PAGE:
For the past four years, two names have consistently taken places at the top of the statistics tables for shooting and rebounding in the ANZ Championship, the premier netball championship competition in the world.
The two goal shooters split time at the position while representing the ‘Sunshine Girls’ during last year’s Netball World Cup, in which the team finished fourth.
Both players ended in the top ten for shooting accuracy in that tournament, with Aiken ranking third after hitting 92.7% of her shots and Fowler-Reid ranking sixth having made 91.4% of her shots.
If the list had been limited to players who attempted over 80 shots, those rankings would be first and fourth, showing just how deadly the duo are despite the volume of shots taken.
As the only two Caribbean representatives in the league, they have represented the region exceptionally well. Let us dig into the numbers to get a feel of how dominant each player has been:
Aiken’s dominance by the Numbers
The 6’5 inches Romelda Aiken has been in the ANZ as a member of the Queensland Firebirds team since the league began in 2008.
Her magnificent play during these early stages earned her the MVP award in the first two years of the league. She also won the 2015 Australian MVP award after the award was separated for each country
She has not slowed down since.
The 27 year old, who possesses several league records, has never ranked lower than fourth in the league in shots made and shots attempted.
In 2014, she became the first player in ANZ history to score 3500 goals. She has scored over 500 goals in five of her eight seasons in the league, missing the mark in 2008, 2010 and 2012. Incidentally, 2010 is the year in which she had her lowest finish in the league rankings tables for shots made and attempted.
In addition to these scoring exploits she has also been a rebounding machine, pacing the league in rebounds from 2010 to 2015 after finishing second in the rankings by only a single rebound in 2009.
That astonishing level of consistency she has displayed season after season has pushed former Australian captain Liz Ellis to predict that “if she [Aiken] can keep this up for a long time she will undoubtedly be one of the best [players] ever.”
Fowler-Reid’s dominance by the Numbers
A year younger than Aiken, Fowler- Reid made her debut five years after Aiken, who was identified as a rare talent from the age of 17, and is the much less experienced of the duo.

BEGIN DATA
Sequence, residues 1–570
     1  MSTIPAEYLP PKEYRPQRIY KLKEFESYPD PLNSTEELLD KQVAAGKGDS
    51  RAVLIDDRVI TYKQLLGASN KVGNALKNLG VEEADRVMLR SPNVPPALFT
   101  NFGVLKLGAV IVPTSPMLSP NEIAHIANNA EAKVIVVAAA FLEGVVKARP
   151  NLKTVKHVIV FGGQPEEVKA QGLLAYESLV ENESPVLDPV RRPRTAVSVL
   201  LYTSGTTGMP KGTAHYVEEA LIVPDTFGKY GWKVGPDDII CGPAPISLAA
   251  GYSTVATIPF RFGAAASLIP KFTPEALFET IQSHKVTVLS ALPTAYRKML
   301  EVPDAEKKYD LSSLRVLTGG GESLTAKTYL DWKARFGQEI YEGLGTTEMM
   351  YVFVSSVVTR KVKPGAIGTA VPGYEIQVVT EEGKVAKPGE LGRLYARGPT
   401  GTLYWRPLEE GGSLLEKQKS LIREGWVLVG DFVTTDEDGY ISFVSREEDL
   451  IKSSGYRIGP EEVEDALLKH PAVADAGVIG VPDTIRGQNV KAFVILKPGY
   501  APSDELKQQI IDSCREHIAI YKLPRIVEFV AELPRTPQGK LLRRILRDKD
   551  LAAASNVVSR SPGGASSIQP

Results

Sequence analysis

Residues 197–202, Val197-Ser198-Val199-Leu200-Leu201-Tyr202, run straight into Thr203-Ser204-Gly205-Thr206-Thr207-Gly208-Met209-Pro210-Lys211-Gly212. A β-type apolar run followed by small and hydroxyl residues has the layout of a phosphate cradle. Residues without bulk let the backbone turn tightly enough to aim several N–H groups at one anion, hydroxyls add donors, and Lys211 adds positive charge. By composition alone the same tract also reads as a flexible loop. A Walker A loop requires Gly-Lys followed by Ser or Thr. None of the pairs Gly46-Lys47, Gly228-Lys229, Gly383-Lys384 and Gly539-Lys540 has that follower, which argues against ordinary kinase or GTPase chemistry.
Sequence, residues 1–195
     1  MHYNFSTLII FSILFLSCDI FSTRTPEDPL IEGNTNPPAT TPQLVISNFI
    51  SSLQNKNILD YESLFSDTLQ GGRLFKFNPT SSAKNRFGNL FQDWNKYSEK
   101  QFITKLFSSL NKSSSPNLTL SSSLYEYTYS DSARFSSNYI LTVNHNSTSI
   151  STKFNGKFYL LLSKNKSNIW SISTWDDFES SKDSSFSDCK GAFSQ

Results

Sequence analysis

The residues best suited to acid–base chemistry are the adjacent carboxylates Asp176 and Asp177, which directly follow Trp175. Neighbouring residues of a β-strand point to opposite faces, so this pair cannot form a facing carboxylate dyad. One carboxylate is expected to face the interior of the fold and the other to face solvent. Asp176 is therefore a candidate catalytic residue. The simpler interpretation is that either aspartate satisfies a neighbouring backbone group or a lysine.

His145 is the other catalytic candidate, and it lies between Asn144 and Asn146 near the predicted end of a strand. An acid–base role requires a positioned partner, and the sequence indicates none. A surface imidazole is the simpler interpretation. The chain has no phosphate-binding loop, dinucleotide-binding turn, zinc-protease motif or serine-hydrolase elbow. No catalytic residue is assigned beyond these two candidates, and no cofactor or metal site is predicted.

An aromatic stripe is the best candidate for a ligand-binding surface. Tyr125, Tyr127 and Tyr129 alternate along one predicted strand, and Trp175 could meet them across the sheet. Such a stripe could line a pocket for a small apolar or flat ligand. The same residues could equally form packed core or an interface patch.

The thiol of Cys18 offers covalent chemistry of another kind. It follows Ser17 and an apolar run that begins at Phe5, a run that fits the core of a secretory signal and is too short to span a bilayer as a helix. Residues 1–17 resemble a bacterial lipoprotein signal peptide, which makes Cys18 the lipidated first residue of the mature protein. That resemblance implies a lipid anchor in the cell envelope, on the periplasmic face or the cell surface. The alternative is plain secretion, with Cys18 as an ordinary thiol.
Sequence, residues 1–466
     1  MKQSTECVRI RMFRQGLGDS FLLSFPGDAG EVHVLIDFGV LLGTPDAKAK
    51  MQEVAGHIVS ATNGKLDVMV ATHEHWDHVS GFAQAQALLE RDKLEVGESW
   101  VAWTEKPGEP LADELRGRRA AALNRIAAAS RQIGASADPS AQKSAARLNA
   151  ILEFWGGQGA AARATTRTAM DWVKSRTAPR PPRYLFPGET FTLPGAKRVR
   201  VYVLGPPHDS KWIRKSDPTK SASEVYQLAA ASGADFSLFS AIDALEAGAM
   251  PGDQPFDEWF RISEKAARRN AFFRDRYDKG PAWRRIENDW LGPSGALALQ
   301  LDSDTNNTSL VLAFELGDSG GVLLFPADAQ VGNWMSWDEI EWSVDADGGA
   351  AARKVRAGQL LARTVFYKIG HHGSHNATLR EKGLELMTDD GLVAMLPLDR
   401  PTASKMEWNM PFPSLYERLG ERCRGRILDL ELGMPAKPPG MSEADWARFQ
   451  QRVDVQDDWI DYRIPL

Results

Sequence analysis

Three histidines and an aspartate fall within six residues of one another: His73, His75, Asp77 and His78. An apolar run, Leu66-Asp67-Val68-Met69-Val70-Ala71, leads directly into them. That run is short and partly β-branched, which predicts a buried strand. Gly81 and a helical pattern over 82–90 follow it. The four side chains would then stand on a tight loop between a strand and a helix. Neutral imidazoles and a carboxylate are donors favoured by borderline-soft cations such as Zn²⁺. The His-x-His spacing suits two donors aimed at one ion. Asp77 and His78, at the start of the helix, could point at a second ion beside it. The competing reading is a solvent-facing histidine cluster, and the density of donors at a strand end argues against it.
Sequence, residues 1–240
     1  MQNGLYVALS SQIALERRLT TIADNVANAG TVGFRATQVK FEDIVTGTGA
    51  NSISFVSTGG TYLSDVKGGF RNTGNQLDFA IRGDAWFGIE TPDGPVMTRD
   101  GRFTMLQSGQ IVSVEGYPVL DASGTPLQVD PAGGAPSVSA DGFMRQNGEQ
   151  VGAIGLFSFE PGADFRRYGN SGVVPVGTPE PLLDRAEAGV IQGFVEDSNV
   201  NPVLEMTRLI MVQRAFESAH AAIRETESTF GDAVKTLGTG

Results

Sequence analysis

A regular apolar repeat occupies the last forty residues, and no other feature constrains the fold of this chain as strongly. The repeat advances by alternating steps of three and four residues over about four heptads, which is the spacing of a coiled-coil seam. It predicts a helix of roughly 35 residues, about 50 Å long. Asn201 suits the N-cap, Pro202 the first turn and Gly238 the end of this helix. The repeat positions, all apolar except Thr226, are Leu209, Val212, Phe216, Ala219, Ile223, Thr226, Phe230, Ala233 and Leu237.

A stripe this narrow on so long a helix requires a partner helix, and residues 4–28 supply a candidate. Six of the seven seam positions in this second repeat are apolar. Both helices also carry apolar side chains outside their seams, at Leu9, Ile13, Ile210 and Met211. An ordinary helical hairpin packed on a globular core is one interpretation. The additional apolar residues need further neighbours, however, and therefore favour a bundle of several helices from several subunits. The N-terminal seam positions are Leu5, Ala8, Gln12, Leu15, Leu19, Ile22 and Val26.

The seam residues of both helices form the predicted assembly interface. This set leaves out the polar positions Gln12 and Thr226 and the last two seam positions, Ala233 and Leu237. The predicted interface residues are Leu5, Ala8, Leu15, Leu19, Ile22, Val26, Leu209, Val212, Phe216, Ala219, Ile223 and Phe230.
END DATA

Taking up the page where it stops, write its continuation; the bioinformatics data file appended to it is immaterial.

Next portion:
Despite blooming a bit later than her compatriot, her performances on the international stage and in the ANZ Championship have demonstrated that she is no less prolific.
Her quick adaptation to the league and the high level consistency draw parallels to the more season and popular Aiken. But if trends continue for a few more years her name will surely go into the pantheon of greats as well.
The 26 year old is second on the list of highest scoring individual seasons in the league, having scored 666 of 709 attempts (1 goal behind Aiken) in that same 2013 season in which Aiken set the record.
That was also her first season in the league and she was voted ANZ Championship MVP for her efforts.
She followed that up with last year’s award as New Zealand MVP.
The Southern Steel player has been no lower than third on the charts in goals scored and attempts and has scored over 500 goals in all of her full seasons in the league.
She currently leads the league this season in both categories, ahead of Aiken.
At the end of last season, she was 12th on the all- time scoring list after only three full seasons and had made the ANZ all- star in the Goal Shooter position twice, in 2013 and 2014. Her name is already at the summit of a few categories in the ANZ record books.
Since her first season, in which she only had 30 rebounds, good for seventh in the league rankings, Fowler- Reid has finished second in the past two seasons and continues to hold that position this season.
Two towers but one spot
What is not up for debate is that Jamaica’s Sunshine Girls have two of the best goal shooters currently in netball (and maybe in the sport’s history) as a part of their player pool.
However, what might seem like a boon may actually be a detriment, as both players are rotated in and out of the national side because they play the same position.
Unlike other team sports in which formations and line- ups can be altered, the nature of netball means that players with certain characteristics are fit together to perform distinct functions on the court.
The inability to deploy both at the same time could be disruptive factor for the entire team and especially for the rhythm of the players themselves as they go in and out from game to game.
In a netball world where the perennial bronze medal game participants have been within striking distance of winning an international championship, such fine margins could be the difference between a spot in a final.
But at least the Sunshine Girls don’t have to worry about where the goals will come from.
Data Source: ANZ